It is necessary to select the correct austenitizing temperature after carburizing in order to ensure good transformation of the formed carburized case from austenite to martensite. The surface carbon content and its diffusion are critical to the success of the austenitize and quench.
The control of the carbon potential is critical to the final success of the treatment. Too high of a carbon potential creates retained austenite, and too low of a carbon potential would result in low as-quenched surface-hardness values.
The ideal carbon potential, which would be dependent on the steel analysis, would be around the eutectoid line on the Iron-Carbon Equilibrium Diagram, say 0.80% up to 1.10%.
Once the carbon is diffused into the surface, one has created a new steel analysis at the surface. From the surface into the core of the steel, a dilution effect has occurred. It is the surface that will exhibit the highest hardness value provided surface oxidation is not present.
The next step would be to locate the surface carbon content along the horizontal line of the Iron-Carbon Equilibrium diagram. Once this has been located, then scribe a vertical line to where the line intersects the upper critical line and add approximately 50°F(10°C).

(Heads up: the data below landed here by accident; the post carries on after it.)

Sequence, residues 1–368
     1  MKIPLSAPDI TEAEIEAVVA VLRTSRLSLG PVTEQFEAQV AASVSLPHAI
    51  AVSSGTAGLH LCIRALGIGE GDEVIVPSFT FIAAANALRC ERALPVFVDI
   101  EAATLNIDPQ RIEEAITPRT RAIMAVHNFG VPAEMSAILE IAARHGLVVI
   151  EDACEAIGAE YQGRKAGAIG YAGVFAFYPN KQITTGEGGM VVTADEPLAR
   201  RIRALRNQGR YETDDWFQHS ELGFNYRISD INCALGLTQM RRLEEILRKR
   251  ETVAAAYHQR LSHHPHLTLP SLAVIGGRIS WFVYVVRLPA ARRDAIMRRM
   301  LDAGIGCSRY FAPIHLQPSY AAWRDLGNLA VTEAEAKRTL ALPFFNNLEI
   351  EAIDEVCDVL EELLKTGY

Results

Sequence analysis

The austenitizing temperature will also be influenced by the alloying elements in the steel, such as chromium, molybdenum, vanadium and others. Nickel will improve the core strength, but it will contribute to the retention of the austenite phase.
Once the case austenitizing temperature has been established, the soaking time at that temperature can be set. When the austenitizing temperature has been completed, quenching can be considered.
Generally the quenching medium will be at room temperature. If the quench medium is oil, however, the quench oil temperature can be raised. The reason for quenching in hot oil is twofold: reduce distortion and reduce the risk of cracking.
The higher the quench-medium temperature is, the distortion will be reduced. The reason for the reduction in distortion is because of a reduction in the delta T between the case austenitizing temperature and the quench-medium temperature.
Distortion will not and cannot be eliminated. It will occur as a result of any prior induced stress from machining and growth due to the carbon diffusion into the surface of the steel. The selected case austenitizing temperature will also determine what the core hardness and core strength will be. This applies to gas carburizing, salt-bath carburizing, plasma carburizing and low-pressure carburizing.
The degree of distortion will be determined by:
- Induced prior machining stress
- Grain size as a result of the carburizing temperature and time at temperature
- Case austenitizing temperature
- Quench-medium temperature